First, the slate and stylus is portable. When I took notes in class, I always used my slate and stylus. I found that I studied best using Braille, so I liked using the slate and stylus to take my notes because I could read the notes in Braille afterward. It is easy to carry a slate and stylus anywhere I go, so I brought it with me from classroom to club meeting. I didn’t have to worry about carrying around a laptop, or looking for an outlet to plug in said laptop if it were to die in the middle of class.
I often use my slate and stylus outside of college as well. It’s great for making grocery lists—which I can do on the bus while heading to the store. I also use it for writing down names and phone numbers, to-do lists, and quotes or funny things I hear people say throughout the day. I even use my slate and stylus to solve Sudoku puzzles. One trick I learned to make things even more efficient is to write longer items on 5-by-8-inch index cards so I can write things down on a piece of paper that is larger than an ordinary index card, but smaller than a full-sized sheet of paper. I used these index cards a lot when conducting interviews for the college newspaper because they were easy to carry.
As a professional writer, I use my slate and stylus regularly to write down important phone numbers, or other information, such as my printer passcode or phone extensions of co-workers. That way, I can look them up without having to move away from the document I’m working in to find the information on my computer. My boss and I have weekly check-in meetings, and I use my slate and stylus to write down notes from those meetings so I can quickly and easily refer to them when needed.
Second, contrary to common misconception, writing with a slate and stylus is fast. When I was in high school, I took the time to learn Grade 3 Braille. This is a step above Grade 2, and is, in essence, Braille short-hand. Over the years of practicing it, I developed my own short-hand to supplement for words I often write, such as abbreviations for the names of buildings on campus.
Third, the slate and stylus is easy to practice. I attended the Independence Training program at The Colorado Center for the Blind in 2008. While there, I increased my speed from 14 words per minute to 18 words per minute. Once I got to college, I used my slate and stylus to take notes and make lists in and out of classes. I didn’t even bring a Braille Writer with me to college, because I wanted to get as much practice with the slate and stylus as possible. I went back to Colorado to visit friends, and happened to stop by the Center. I asked my former Braille instructor to test my writing speed. I was initially worried that I had somehow decreased my speed, but found that I was writing faster than the 18 words per minute I had attained when I left the Independence Training Program.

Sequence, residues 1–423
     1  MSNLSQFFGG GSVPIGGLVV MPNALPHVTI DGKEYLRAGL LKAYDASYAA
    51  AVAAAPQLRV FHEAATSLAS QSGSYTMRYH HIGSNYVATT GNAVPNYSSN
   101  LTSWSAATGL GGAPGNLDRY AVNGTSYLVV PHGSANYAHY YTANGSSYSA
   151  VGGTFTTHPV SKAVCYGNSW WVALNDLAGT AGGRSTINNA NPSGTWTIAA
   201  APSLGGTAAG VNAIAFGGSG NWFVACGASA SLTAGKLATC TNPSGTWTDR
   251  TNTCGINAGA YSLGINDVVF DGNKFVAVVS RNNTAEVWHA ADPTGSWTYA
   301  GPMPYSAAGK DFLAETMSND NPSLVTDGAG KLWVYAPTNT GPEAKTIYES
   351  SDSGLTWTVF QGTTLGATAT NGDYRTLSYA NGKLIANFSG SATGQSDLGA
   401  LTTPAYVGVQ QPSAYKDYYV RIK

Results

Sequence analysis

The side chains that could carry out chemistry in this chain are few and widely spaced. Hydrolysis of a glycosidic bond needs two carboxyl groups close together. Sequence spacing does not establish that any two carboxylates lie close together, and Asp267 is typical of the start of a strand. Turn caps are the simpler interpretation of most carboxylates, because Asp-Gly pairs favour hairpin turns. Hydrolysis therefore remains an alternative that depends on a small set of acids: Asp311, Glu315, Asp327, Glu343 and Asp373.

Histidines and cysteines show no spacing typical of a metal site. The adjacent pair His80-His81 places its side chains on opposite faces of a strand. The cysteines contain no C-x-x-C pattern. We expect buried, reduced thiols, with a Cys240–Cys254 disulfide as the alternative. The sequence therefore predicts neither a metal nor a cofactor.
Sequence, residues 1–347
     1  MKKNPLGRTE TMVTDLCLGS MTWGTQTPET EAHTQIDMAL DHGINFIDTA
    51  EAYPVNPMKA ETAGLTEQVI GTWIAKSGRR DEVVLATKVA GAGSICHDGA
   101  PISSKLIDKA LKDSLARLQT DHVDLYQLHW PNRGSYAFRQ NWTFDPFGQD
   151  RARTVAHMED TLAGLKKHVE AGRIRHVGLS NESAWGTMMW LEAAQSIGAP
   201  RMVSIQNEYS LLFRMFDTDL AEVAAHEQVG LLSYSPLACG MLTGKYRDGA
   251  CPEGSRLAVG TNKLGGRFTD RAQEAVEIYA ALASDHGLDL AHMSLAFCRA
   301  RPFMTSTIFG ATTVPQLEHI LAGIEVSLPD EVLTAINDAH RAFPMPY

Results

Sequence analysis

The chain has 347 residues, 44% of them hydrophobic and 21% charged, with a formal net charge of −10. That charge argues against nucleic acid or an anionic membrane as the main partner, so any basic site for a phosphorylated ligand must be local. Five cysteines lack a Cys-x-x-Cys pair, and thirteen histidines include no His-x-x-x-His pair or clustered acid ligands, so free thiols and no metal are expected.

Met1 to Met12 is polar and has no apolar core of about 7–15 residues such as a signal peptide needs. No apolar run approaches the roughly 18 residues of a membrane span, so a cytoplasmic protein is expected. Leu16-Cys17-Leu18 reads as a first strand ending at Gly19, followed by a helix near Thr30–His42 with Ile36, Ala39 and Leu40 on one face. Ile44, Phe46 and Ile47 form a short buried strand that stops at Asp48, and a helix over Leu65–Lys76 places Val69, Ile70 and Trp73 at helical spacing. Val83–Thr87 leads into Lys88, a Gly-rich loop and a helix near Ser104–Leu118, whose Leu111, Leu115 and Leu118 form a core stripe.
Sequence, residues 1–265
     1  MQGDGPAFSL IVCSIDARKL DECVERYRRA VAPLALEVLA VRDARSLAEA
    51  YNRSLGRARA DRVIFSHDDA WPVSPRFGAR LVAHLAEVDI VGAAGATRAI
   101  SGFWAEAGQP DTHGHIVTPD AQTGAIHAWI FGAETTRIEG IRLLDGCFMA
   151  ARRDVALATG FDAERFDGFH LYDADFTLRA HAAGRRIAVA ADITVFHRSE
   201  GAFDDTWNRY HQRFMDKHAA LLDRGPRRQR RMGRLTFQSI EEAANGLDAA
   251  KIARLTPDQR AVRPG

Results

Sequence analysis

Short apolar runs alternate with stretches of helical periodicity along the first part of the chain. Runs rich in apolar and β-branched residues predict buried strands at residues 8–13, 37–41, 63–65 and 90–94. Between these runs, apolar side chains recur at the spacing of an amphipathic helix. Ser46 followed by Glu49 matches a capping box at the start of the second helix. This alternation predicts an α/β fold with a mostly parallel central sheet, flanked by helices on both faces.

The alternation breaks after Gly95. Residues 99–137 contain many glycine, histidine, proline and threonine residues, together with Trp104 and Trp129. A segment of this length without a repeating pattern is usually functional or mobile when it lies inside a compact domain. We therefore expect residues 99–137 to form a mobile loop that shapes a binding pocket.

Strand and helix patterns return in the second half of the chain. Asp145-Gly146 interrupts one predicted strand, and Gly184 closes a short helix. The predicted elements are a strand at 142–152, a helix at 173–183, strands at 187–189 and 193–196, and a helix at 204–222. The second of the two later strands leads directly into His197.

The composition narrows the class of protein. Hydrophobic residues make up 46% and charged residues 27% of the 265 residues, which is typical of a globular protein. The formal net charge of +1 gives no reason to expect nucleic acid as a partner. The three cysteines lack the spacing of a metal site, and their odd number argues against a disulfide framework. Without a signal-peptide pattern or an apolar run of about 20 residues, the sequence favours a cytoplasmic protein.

I recommend the slate and stylus to anyone who wants to take notes independently and write things down on a portable device. It is so liberating to not have to rely on the notes of others, since everyone interprets things differently, and chooses different pieces of information as the more important ones that get written down. I can write when I want, where I want, what I want, and how I want. I even know people who keep a slate and stylus in the cases of their BrailleNotes and PAC Mates, just as a backup if their machines die. What’s the secret to getting faster? Practice, practice, practice.
Wilson Digital Recorder
The Wilson recorder is a simple to use digital device that can store up to 12 hours of recordings. It has 256 MB of memory. It's easy to add or delete messages. This device measures 3" high x 2 1/16" wide, 9/16" thick". It has a volume control, a detachable belt clip, and a single earbud. This recorder allows one to create notes, memos, and reminders. It is very user friendly for low vision and visually impaired users.
Item # CR430, $42.00
Veterans Low Vision Support Group
When: Thursday, July 27; Thursday, August 24
(4th Thursday of each month through November)
Where: First Unitarian Society of Madison - 900 University Bay Dr
Time: 10:00 a.m.
The purpose of the group is to offer a place for visually impaired veterans to meet with each other, find available resources and discuss issues related to vision loss. There is no cost to attend, and refreshments are provided. The topics of discussion are ultimately decided by the participants. Some ideas include coping strategies for dealing with the challenges of vision loss, local resources available, guest speakers and product demonstrations.
Dining in the Dark – Appleton
When: Tuesday, August 22
Where: GingeRootz Asian Grille - 2920 N Ballard Rd, Appleton
Time: 6:00 p.m. – 9:00 p.m.
Dining in the Dark is a unique event where guests experience what it is like to dine on a multi-course meal without the use of their sight. Watch future editions of On Sight, our website (www.wcblind.org) and our social media pages on Facebook and Twitter for more details on how to register.